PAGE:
Last summer we started a Tuesday night dinner group for young adults at the church. Over a month it grew to 15 and died just as quick because those attending moved away or got evening jobs. During those dinners I struggled with whether I should even bring up Jesus or just continue to talk about video games, hunting, firefighting and sports. In the end Jesus went unnoticed and they all checked out of church. But don’t get me wrong, the result would have been the same had I been overly pushy about Jesus.
They claim to love our Sunday services but they are always too hungover to get out of bed to come. They say they will come to church events but always end up finding a reason not to. They say they want a children’s program but when we start one they do not show. They say they want a nursery for their children and when we opened one, they took their kids into the service with them anyway and continued to complain we were not “toddler friendly.”
Meanwhile they wallow in bad decision making. They can’t find a place to live because nobody will rent to them because they trashed the last 20 apartments and screamed at the last 10 landlords. They desperately want to work and some are hard workers, but they have no idea how to treat their coworkers and bosses so nobody will hire them. They are all in complex and miserable custody battles for their children with ex-partners, parents and grandparents. The more details I hear, the more I am sure none of them should win custody.
The end result is they complain about their self inflicted “bad luck.” I help them dig out of their latest mess, all the while hoping it will mean they will own their bad decisions and turn their lives over to a loving God. It hasn’t quite happened yet with any of them.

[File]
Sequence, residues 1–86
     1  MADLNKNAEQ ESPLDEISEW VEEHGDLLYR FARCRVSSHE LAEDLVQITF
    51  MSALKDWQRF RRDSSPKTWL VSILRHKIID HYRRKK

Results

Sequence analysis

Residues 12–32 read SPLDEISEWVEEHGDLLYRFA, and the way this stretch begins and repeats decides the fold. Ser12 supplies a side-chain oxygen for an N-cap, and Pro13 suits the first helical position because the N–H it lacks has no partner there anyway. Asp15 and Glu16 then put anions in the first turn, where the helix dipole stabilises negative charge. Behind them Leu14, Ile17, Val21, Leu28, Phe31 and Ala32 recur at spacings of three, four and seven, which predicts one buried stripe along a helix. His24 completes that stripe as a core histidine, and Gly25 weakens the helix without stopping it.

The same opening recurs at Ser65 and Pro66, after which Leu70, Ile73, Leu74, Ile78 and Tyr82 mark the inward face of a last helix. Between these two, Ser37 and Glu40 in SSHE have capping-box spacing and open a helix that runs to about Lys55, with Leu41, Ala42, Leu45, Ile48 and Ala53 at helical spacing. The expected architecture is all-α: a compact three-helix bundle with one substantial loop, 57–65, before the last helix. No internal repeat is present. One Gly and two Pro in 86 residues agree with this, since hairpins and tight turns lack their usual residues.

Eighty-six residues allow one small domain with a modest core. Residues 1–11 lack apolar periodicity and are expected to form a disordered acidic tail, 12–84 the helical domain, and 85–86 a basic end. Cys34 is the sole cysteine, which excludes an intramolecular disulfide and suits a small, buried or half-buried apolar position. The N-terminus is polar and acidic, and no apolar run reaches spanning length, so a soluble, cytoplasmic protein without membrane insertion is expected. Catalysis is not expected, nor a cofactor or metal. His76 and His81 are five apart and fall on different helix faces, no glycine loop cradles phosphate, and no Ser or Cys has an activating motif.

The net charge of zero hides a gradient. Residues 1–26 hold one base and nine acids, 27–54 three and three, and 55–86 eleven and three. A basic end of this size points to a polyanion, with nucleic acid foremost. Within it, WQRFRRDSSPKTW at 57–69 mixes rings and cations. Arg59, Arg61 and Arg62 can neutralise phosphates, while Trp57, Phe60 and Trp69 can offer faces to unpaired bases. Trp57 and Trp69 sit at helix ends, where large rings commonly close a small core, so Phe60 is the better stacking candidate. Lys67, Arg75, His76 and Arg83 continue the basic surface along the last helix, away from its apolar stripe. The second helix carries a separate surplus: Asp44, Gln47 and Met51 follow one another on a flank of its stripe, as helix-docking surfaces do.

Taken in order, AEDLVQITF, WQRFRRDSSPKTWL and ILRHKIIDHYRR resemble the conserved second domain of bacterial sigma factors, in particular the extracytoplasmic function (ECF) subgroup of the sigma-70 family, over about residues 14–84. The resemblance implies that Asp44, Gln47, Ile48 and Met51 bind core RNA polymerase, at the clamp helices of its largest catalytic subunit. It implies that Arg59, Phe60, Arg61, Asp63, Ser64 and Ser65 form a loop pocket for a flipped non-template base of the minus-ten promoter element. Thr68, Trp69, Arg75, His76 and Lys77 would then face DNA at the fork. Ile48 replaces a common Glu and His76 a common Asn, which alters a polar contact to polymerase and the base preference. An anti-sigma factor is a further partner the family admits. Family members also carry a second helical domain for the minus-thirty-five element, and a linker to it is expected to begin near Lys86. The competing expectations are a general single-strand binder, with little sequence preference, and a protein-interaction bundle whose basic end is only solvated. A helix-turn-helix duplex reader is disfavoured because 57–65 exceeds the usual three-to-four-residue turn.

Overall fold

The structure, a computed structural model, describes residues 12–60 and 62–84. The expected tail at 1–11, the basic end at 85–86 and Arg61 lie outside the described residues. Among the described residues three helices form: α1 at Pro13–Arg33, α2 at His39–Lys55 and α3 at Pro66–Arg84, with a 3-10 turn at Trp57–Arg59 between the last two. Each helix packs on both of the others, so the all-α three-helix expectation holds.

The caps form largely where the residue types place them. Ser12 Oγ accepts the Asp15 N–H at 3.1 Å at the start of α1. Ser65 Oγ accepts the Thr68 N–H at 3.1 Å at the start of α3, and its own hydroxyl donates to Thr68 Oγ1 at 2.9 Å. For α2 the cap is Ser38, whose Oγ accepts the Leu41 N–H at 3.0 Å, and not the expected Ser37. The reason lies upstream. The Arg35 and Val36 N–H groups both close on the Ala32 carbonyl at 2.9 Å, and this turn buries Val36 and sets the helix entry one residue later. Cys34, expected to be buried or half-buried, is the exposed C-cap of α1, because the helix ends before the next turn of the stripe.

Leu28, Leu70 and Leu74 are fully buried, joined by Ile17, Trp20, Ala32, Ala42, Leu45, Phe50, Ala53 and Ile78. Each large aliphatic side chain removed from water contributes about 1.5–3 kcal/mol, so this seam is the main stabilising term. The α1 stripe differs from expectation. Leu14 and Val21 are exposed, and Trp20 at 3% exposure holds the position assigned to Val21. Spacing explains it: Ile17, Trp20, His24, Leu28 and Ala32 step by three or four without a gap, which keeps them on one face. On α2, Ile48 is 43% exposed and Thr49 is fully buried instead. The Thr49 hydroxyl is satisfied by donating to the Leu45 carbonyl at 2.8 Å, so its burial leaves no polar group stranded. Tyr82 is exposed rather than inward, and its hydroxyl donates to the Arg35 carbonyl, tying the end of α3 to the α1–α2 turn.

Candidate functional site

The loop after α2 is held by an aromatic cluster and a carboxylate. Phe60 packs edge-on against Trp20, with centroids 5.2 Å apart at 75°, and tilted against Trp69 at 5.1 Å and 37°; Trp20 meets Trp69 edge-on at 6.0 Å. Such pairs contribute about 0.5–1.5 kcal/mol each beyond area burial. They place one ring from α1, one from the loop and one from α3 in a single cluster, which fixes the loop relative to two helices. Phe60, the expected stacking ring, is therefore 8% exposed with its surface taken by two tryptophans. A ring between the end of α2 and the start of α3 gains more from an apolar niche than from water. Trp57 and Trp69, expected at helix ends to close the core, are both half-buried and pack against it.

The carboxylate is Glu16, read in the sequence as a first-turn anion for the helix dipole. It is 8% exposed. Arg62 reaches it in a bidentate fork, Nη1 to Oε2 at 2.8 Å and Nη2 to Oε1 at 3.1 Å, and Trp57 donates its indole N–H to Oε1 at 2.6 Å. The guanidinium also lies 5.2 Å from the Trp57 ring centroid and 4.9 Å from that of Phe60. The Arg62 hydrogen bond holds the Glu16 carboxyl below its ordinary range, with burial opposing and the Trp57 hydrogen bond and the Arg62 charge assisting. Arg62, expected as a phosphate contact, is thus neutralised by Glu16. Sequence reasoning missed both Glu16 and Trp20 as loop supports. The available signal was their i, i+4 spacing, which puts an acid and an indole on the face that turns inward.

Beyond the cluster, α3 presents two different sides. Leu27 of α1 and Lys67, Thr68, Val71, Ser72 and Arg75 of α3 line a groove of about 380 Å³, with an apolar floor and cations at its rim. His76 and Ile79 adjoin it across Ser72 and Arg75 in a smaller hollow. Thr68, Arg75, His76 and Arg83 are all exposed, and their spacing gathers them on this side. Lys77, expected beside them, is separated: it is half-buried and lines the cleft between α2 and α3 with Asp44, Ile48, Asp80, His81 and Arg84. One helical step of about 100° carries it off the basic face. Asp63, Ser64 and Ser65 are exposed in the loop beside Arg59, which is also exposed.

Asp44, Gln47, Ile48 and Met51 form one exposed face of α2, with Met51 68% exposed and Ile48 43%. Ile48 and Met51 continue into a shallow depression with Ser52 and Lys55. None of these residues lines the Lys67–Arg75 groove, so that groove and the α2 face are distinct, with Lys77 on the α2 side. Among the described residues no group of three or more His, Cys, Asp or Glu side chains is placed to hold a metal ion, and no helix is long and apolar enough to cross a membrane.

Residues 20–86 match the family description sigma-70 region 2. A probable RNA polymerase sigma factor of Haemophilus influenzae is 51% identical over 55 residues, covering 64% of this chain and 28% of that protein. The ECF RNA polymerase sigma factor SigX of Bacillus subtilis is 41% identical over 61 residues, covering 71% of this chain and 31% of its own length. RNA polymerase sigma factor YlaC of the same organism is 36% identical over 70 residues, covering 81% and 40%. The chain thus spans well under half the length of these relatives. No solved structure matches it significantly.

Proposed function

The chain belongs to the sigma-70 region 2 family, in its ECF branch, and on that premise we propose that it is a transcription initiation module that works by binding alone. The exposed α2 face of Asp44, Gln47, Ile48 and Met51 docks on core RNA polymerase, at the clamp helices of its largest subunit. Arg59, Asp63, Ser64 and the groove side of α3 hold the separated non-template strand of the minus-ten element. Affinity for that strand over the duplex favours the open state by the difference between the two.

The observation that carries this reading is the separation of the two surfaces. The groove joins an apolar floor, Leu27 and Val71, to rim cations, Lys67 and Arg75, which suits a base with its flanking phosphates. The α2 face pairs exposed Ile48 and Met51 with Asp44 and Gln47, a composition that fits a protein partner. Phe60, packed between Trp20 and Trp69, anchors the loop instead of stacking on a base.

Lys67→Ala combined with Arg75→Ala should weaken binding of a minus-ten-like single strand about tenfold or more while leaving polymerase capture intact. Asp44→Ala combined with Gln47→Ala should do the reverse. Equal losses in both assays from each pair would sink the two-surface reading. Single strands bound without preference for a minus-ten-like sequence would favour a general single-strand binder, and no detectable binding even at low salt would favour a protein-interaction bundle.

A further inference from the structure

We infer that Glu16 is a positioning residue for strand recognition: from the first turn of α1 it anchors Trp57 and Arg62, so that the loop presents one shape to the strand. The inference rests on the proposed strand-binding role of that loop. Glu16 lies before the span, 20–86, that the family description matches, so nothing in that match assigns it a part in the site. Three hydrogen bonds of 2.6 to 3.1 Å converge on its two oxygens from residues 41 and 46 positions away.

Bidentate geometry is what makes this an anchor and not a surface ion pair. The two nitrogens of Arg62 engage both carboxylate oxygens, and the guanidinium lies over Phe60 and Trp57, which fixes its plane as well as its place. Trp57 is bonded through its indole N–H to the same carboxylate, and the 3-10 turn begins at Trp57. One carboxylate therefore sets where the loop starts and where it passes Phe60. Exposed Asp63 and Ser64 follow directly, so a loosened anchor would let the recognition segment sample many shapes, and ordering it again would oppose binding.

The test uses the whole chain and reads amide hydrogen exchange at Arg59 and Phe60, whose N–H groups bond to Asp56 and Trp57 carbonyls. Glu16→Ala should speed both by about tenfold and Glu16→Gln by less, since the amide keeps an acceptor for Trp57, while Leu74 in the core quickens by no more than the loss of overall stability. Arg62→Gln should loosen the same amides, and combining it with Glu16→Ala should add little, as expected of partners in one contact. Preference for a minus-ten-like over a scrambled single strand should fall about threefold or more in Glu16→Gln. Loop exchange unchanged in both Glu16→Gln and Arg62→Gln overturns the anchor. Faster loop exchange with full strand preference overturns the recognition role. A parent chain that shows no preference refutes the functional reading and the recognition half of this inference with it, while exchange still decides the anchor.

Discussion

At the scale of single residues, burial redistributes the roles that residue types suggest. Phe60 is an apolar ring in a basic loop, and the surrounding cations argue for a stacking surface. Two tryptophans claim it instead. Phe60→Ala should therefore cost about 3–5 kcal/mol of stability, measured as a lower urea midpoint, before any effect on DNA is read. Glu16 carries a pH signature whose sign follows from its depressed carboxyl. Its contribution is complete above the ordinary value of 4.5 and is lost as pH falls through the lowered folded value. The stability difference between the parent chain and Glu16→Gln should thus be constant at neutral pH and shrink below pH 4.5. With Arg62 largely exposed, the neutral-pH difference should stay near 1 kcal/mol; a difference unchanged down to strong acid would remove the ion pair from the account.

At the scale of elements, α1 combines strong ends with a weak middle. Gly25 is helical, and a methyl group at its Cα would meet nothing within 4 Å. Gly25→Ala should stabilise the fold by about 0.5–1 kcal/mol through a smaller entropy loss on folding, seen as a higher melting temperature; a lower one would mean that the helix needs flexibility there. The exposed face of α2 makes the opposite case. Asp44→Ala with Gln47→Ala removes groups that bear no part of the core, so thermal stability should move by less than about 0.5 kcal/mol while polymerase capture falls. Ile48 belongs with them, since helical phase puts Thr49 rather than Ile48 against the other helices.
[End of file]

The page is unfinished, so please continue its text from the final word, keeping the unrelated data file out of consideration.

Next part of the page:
I know this is not the case for all Gen Xers and Millenials but it is certainly the norm in my small town.
So I do not have any easy solutions here except to say at least I know their names and consider them friends and all that happened outside the walls of my church. In a very real way I have had to become absent to reach out to these absent generations. I am not just talking about the now old trope of a minister spending more time out of the office than inside of it.
I am talking about leaving the religious establishment of my youth. I am talking about choosing to forget about things like Bible Quizzing and Mission Trips and Summer Camp and Private High School and Christian University. I have to forget those memories and pretend like I know nothing so save those who don’t know nothing. I have to re-imagine my life as if it had been devoid of things like potlucks, VBS, G rated movies and two loving parents. Instead I have to picture how my life would be with cocaine, abuse, neglect and X rated porn.
This does not mean I start getting tattoos and smoking cigarettes and drinking myself into oblivion. It does mean I pretend I have no idea who Paul the Apostle is so that I can help my peers discover him for themselves. It means I do not preach at them concerning the dangers of alcoholism, or even cocaine, but instead ask questions about what such use is doing for their lives.
I don’t defend their employers and landlords but listen to their complaints accusations against them.